Thermal Properties and Wetting Behavior of High Temperature Zn-Al-In Solders
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- Gancarz, T., Pstruś, J., Fima, P. et al. J. of Materi Eng and Perform (2012) 21: 599. doi:10.1007/s11665-012-0146-y
Solders for ultrahigh-temperature applications were defined by Vianco as those able to sustain working conditions with temperatures as high as 573 K, with momentary temperature rise up to 623 K. Zn-Al eutectic alloy (12 at.% Al) fits such defined criteria with respect to its melting temperature. It was found that small additions of indium to Zn-Al eutectic lower its melting temperature. The aim of this work is to assess if and to what extent thermal properties and wetting behavior are affected. It was found that addition of In increases electrical resistivity and coefficient of thermal expansion value. Wetting angles on Cu and Al substrates of liquid Zn-Al eutectic-based alloys containing up to 1.5 at.% of In were studied with the sessile drop method, after wetting at 773 K in the presence of flux. A decrease of apparent wetting angle was observed with increasing concentration of In. After wetting tests solidified alloy-substrate couples were cross-sectioned and examined with scanning electron microscopy coupled with electron dispersive X-ray analysis.
Keywordsmicrostructurethermal propertieswettingZn-Al-In alloys
Worldwide environment-protective legislation and following restrictions on the use of hazardous substances made replacement of Pb-containing solders necessary. The RoHS directive banned the use of Pb in solder joints, and every few years expands to another group of materials, including materials for the supervision and control, and medical devices. Numerous lead-free solders studies have been conducted in recent years (Ref 1–5), and focused on the solders with a melting point below 473 K, which can replace low-melting eutectic Sn-37Pb (wt.%). As a Pb-free replacement, Sn-based alloys such as: Sn-Ag-Cu and Sn-Zn, which have properties similar to the Pb-Sn eutectic alloy, have been proposed. However, in the case of devices utilizing Pb-based solders with melting point above 523 K, the solder is used in various types of applications not only as die-attach solders but also for assembling optical components, automobile circuit boards, circuit modules for step soldering, aircraft, space satellite, automotive, oil and gas well exploration (Ref 6). Vianco defined the ultrahigh-temperature solders as those working properly between 573 and 623 K (Ref 7). Therefore, alloys of similar properties to solders containing Pb and Cd are being developed. The literature survey indicates that promising candidate are alloys based on Zn-Al eutectic (654 K) (Ref 8, 9), with additives that lower the melting temperature. Another group of alloys is the Bi-Ag, but due to poor mechanical properties this group is neglected (Ref 10); as well as Au-X (Sn, Si, Ge), which because of the high price are only applicable in specific cases (Ref 11). Zn-Al alloys with additions of Mg and Ga (Ref 12) have been proposed as a replacement of Pb solders, due to their thermal conductivity twice as big, and the coefficient of linear expansion smaller than Pb-5Sn (wt%). These properties are correlated with Zn which is a major component of the alloys; also the very low price of Zn is a great advantage of these alloys. Shimizu et al. (Ref 12) also studied the hardness which was one order of magnitude greater than Pb-5Sn, as well as wettability at 563-593 K, which turned out to be worse than the Pb-based alloys. Zn-Al-Ga ternary and Zn-Al-Mg-Ga quaternary alloys were also tested by Rettenmayr et al. (Ref 13), in terms of melting temperature, mechanical properties, and impact of Ga and Mg addition on microstructure. To the best of the present authors’ knowledge, there are no papers published on thermal properties and wetting behavior of Zn-Al-In alloys. Therefore, the aim of this work is to study temperature properties of alloys based on Zn-Al eutectic with small additions of indium and their wetting behavior on Cu and Al substrates. In the present study, melting temperatures, electrical resistivity, thermal expansion and density in the solid state, wetting on Cu and Al pads and microstructure of solder/substrate interface were investigated.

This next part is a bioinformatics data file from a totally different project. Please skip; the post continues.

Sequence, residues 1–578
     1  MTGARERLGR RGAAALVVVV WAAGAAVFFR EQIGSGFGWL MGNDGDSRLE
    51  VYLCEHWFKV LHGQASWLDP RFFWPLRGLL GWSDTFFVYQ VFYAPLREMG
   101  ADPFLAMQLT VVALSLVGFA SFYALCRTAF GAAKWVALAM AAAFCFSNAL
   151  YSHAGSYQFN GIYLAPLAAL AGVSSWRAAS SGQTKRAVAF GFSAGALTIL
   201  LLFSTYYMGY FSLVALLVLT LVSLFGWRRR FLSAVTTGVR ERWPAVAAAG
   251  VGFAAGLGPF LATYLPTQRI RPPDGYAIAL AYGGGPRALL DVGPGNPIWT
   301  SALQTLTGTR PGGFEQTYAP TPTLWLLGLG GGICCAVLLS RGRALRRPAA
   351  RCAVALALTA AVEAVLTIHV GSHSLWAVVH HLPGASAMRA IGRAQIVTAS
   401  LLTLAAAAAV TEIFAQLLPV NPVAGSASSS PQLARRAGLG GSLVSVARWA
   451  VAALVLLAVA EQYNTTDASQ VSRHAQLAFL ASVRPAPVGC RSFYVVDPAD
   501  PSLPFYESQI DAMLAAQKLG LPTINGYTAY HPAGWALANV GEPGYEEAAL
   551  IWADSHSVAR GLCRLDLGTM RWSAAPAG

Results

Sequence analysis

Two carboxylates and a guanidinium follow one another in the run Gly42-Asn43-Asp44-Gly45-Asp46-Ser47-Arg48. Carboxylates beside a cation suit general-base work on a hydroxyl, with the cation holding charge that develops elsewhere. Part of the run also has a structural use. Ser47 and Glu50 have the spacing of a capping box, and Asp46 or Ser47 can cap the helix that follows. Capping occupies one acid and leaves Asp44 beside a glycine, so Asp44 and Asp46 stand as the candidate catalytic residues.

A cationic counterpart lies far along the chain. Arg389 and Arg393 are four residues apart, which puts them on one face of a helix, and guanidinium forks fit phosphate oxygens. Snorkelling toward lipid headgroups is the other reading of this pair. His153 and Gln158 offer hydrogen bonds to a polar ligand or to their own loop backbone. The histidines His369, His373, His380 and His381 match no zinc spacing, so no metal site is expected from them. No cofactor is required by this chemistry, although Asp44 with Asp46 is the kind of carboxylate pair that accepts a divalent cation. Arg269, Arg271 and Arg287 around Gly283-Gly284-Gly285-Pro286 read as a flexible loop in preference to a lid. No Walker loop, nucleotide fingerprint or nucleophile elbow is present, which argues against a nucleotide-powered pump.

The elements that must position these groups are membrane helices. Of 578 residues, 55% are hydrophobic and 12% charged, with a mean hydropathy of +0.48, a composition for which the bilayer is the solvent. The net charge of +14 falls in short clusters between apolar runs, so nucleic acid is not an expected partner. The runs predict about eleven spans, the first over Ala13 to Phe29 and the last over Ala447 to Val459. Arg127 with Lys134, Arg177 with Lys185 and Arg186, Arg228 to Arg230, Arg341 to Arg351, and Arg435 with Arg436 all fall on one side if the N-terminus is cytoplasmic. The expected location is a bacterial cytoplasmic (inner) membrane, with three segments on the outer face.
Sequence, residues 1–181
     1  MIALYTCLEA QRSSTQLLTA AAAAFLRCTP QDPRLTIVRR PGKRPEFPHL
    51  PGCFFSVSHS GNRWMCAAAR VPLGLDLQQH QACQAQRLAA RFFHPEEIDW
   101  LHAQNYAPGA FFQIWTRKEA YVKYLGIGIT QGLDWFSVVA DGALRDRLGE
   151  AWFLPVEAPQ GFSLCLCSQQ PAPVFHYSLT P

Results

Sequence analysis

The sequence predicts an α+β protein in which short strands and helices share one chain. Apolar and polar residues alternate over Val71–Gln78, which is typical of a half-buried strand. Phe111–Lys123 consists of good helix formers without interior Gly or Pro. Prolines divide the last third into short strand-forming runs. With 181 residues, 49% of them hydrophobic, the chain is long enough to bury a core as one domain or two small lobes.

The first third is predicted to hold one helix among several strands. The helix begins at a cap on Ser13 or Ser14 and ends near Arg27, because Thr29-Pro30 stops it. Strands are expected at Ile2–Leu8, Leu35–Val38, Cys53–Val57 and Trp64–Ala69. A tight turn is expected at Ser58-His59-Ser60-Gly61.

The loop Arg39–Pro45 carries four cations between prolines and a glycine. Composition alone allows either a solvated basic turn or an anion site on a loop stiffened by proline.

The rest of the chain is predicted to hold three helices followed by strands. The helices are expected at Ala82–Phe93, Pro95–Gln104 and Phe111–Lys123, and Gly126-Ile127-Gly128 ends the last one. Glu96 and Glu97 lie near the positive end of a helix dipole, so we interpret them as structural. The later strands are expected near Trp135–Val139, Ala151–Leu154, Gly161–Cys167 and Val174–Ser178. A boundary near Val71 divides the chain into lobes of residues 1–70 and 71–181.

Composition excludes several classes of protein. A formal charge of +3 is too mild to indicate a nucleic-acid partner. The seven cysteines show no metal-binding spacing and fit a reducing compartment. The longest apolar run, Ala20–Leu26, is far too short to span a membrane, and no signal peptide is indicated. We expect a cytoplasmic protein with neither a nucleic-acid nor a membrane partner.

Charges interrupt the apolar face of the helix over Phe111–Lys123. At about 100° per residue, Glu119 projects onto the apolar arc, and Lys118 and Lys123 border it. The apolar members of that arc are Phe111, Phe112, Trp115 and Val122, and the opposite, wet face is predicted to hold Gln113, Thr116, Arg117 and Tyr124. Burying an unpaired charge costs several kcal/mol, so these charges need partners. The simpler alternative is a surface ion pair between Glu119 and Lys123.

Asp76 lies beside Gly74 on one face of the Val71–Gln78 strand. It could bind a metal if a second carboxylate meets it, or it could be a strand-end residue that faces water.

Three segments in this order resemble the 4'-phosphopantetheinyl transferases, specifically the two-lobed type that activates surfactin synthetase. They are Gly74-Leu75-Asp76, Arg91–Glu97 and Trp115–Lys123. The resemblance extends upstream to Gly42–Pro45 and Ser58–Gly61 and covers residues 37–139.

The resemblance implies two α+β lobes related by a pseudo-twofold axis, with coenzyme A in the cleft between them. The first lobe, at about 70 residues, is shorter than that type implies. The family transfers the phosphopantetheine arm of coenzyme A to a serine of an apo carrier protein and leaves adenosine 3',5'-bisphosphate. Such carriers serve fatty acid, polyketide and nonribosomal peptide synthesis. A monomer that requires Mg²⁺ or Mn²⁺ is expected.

The coefficient of thermal expansion (CTE), density in the solid and molar volume at 293 K, and melting temperatures of Zn-Al-In alloys
CTE, 10−6 K−1
Melting range, K
The melting behavior of the solder alloys was investigated with differential scanning calorimetric (DSC) method. The measurements were carried out on samples of about 25 mg, with the use of DSC microcalorimeter, with heating and cooling rate of 10 K/min, under protective atmosphere of high-purity Ar (99.9999%). The temperature was measured with an accuracy of 1 K.
Electrical Resistivity Measurements